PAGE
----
“This one definitely feels really good, especially since this is where I cut my teeth in sprint cars,” Kofoid explained. “It feels really good to win at what I would consider my home track.”

Furthermore, his 20th career USAC National Midget score tied him with the legendary A.J. Foyt for 34th on the all-time series win list. Additionally, Kofoid became just the second driver to win at least 20 career USAC National Midget features for KKM, joining Christopher Bell, who leads all drivers with 23.

Kofoid also moved up the charts to become only the 13th driver to win 11 races in a single USAC National Midget season. To boot, his 20th career series win came in his 100th career series start, which also cemented his status of one of the series’ all-time greats despite this being just his third full year.

Only 10 drivers in the 67-year history of the series have captured their 20th victory within their first 100 USAC National Midget starts: Kyle Larson (61st start), Christopher Bell (66th start), Sleepy Tripp (68th start), Bryan Clauson (80th start), Billy Vukovich (80th start), Parnelli Jones (83rd start), Tony Stewart (84th start), A.J. Foyt (89th start), Ken Schrader (97th start) and now Kofoid himself (100th start).

Kofoid takes Placerville finale

Buddy Kofoid pocketed the biggest payday of his USAC NOS Energy Drink Midget National Championship career on Nov. 19 at Placerville Speedway.

He pocketed a total of $32,000 by virtue of scoring both the 100-lap feature victory worth $20,000, as well as the overall Hangtown 100 points championship, which added $12,000 more for his efforts.

After going winless with the series for nearly two months, as it turned out, the Hangtown 100 prelim victory was merely the warmup act for Kofoid. He finished off his second victory in as many nights while also delivering a weekend sweep at Placerville for the Keith Kunz/Curb-Agajanian Motorsports team.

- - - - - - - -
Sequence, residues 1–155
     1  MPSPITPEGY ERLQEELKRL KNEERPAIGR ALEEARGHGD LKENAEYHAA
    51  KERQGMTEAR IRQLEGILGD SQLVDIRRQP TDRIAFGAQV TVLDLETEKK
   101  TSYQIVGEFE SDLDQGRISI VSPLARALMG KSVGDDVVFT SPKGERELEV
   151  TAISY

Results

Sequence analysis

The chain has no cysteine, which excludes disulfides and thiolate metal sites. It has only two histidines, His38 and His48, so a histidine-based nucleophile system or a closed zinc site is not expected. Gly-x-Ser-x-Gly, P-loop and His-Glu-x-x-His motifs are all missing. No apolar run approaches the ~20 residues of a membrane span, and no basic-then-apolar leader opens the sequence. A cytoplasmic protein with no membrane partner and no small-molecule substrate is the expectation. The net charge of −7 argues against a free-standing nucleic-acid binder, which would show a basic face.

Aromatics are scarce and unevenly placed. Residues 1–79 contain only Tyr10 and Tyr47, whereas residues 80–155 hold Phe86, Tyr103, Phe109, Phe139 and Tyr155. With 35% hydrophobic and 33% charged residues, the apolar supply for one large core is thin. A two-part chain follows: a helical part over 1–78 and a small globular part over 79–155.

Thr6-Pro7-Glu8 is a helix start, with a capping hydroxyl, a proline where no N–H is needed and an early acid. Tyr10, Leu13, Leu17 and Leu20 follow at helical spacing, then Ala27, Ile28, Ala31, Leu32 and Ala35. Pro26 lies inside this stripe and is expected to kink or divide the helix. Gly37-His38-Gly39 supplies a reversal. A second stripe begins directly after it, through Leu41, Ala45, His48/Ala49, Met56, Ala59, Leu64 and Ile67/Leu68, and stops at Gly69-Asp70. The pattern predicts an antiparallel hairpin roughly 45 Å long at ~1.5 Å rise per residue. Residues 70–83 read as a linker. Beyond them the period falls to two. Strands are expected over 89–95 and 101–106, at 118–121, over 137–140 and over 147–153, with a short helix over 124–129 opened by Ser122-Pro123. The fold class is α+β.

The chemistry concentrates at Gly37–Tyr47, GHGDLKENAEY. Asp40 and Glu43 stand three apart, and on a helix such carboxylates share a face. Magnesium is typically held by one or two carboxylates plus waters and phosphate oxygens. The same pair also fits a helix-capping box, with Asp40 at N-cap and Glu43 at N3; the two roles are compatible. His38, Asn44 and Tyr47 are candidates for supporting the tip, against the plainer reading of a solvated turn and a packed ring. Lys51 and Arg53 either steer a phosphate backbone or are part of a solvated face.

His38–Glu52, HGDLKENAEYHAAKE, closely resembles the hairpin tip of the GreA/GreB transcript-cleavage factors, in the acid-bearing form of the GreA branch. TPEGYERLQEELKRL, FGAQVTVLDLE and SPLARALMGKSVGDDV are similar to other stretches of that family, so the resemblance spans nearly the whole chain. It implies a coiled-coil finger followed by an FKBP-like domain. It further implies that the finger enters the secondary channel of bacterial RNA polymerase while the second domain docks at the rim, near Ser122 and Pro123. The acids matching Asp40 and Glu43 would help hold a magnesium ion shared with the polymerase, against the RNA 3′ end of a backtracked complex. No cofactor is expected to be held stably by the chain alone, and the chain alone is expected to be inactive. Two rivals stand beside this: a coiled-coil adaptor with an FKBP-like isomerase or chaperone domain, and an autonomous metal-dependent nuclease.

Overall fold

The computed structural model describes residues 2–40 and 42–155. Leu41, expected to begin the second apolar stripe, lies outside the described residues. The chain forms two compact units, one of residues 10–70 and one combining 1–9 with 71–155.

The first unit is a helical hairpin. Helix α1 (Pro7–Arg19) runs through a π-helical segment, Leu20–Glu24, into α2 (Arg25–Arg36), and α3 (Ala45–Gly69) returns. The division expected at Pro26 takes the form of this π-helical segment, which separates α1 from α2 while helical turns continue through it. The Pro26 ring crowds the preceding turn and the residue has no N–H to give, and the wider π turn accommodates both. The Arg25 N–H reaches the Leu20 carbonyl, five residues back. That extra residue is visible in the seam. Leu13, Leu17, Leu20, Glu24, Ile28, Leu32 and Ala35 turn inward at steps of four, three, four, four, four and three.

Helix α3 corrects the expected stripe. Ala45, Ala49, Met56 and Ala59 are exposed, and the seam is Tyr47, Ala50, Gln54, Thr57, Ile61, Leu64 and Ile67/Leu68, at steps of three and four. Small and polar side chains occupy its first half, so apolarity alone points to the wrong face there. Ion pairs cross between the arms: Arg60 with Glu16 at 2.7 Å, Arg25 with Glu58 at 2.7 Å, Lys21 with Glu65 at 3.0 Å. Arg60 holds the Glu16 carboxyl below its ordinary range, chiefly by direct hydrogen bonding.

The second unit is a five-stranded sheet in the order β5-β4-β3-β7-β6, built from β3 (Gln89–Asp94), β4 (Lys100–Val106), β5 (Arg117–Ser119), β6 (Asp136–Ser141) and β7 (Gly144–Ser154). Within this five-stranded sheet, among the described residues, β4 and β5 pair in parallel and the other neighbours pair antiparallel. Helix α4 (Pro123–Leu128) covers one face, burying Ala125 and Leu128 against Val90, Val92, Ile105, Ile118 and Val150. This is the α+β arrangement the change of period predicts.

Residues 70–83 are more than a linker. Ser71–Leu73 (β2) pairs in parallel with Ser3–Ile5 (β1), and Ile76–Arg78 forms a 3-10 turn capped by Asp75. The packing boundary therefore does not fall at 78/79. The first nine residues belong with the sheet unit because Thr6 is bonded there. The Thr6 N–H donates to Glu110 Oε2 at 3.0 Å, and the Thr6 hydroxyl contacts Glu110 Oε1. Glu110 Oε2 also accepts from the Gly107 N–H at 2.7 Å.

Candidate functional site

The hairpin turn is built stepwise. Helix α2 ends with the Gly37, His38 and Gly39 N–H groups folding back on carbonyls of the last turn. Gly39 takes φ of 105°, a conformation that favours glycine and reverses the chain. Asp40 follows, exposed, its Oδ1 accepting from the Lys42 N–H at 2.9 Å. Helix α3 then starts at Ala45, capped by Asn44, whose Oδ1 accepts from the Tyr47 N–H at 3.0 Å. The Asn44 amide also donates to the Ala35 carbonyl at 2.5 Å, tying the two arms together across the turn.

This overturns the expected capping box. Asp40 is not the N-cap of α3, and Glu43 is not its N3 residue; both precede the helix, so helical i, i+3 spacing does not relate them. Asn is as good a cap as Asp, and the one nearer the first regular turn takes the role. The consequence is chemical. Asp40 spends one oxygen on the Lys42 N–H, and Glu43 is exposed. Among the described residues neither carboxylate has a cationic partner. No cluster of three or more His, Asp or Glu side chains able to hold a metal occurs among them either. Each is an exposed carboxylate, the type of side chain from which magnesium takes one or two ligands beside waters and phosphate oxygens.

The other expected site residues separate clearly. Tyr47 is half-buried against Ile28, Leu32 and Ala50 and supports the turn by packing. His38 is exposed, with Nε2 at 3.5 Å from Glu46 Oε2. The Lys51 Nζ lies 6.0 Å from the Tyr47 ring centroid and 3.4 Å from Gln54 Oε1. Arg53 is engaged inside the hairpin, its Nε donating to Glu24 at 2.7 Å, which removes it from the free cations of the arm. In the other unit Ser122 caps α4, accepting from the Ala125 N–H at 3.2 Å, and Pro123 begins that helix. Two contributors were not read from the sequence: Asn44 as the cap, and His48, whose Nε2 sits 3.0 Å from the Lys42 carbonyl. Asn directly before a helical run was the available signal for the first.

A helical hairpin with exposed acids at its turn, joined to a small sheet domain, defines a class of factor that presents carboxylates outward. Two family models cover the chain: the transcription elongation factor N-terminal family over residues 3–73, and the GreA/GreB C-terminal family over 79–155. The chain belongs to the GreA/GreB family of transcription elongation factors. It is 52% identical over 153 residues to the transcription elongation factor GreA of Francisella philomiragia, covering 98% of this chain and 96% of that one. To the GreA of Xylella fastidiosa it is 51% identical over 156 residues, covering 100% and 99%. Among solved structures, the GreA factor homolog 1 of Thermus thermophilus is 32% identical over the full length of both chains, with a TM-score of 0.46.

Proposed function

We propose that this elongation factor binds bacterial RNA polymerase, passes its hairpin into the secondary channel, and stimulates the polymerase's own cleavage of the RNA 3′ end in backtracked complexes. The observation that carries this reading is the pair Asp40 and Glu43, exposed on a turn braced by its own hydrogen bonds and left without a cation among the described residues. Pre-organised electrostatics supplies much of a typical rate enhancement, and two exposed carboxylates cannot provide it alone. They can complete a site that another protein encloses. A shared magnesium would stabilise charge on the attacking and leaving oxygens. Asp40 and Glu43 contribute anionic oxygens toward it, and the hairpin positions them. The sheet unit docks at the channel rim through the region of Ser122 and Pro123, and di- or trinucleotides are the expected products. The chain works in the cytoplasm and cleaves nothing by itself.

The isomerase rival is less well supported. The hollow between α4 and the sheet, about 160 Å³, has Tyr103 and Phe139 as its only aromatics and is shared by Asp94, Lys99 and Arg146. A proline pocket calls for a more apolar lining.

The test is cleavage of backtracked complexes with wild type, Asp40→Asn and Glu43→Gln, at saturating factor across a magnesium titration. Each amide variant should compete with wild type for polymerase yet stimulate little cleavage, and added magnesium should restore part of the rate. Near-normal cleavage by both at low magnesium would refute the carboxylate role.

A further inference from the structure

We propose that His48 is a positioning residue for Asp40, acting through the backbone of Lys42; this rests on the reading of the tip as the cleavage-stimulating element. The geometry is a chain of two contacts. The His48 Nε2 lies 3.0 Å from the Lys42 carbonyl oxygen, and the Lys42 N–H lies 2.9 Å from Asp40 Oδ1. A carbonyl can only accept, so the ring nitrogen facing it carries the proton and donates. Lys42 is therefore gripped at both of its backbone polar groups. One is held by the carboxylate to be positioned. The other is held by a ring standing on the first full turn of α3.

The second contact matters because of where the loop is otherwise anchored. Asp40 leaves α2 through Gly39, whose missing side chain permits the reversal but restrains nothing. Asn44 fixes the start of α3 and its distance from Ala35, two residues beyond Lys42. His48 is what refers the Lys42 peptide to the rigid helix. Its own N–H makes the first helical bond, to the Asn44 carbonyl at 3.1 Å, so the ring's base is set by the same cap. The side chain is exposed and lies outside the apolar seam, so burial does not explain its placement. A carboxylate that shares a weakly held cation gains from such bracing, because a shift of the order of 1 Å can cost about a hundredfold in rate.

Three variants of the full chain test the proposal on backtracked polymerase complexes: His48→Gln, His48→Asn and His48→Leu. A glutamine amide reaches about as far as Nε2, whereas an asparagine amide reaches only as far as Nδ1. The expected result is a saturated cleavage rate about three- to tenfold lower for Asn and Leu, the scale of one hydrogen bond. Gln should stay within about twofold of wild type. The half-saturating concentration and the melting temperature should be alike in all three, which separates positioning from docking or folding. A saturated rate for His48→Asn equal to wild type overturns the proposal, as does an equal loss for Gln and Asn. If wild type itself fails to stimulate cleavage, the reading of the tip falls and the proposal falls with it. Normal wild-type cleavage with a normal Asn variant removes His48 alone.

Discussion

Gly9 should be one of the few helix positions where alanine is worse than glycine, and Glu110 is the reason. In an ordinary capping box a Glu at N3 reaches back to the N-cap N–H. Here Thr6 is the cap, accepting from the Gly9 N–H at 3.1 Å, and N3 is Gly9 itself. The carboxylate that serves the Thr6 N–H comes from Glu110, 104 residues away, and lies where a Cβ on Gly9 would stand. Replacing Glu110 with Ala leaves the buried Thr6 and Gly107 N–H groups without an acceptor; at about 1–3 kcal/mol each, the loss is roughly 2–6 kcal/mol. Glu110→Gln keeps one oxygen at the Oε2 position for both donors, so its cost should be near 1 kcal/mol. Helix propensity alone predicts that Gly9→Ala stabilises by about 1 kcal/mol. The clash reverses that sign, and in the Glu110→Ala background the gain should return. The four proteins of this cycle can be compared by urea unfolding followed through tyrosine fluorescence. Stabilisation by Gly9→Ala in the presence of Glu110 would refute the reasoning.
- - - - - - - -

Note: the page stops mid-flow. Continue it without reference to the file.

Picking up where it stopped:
One year after leading a race-high 66 laps en route to a second-place result on the final night of the 2021 Hangtown 100, on this evening, Kofoid led 95 laps, including the last 45 in succession.

His first career 100-lap midget victory was the 21st overall of his USAC National Midget career, which passed A.J. Foyt to move into 30th on the all-time series feature win list alongside Steve Cannon, Jimmy Caruthers, Rex Easton and Ken Schrader.

“This is one of the biggest midget wins that I’ve gotten and, of course, 32-grand is pretty damn cool too,” Kofoid exclaimed. “That was a long race, and it was stressful. It’s hard to lead that many laps and know where you need to be or if you need to move around. When the track is this slick, it kind of brings the speed of everyone somewhat close together.”

In what has already been a historic season for Kofoid, his 12th win of the 2022 season has made 2022 one of the most successful single seasons by a driver in the 67-year history of the series.

Kofoid’s dozen victories are the fifth most in a USAC National Midget season, and he’s now the eighth driver to string together 12 wins or more in one year, joining Mel Kenyon’s all-time best 17 victories in 1967, Rich Vogler’s 16 in 1988, Kenyon’s 14 in 1969, Sleepy Tripp’s 13 in 1975 as well as the 12 turned in by Jimmy Davies (1961), Bob Tattersall (1965) and Danny Caruthers (1971).

This week in racing history

From 50 years ago Gene Petro (late models) and Jim Linder (sprints) were named track champions in their respective divisions for the 1972 season at Eldora Speedway.

From 30 years ago in 1992, Steve Barnett was named the late model track champion at Union County Speedway in Liberty.

Also from 1992, Bob Kinser was named the sprint car track champion at Paragon Speedway.

From 20 years ago in 2002, Derek Scheffel was the track champion in the sprint car division at Bloomington Speedway.

From 10 years ago, Brady Short was the 2012 sprint car track champion at Bloomington.

James Essex writes a motorsports notebook for The Republic. Send comments to [email protected]